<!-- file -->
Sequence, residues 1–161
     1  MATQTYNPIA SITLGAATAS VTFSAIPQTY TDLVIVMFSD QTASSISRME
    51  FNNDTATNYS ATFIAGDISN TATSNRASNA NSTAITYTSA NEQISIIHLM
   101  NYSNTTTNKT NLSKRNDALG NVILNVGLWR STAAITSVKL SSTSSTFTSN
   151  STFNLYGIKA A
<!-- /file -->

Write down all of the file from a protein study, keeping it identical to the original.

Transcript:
Sequence, residues 1–161
     1  MATQTYNPIA SITLGAATAS VTFSAIPQTY TDLVIVMFSD QTASSISRME
    51  FNNDTATNYS ATFIAGDISN TATSNRASNA NSTAITYTSA NEQISIIHLM
   101  NYSNTTTNKT NLSKRNDALG NVILNVGLWR STAAITSVKL SSTSSTFTSN
   151  STFNLYGIKA A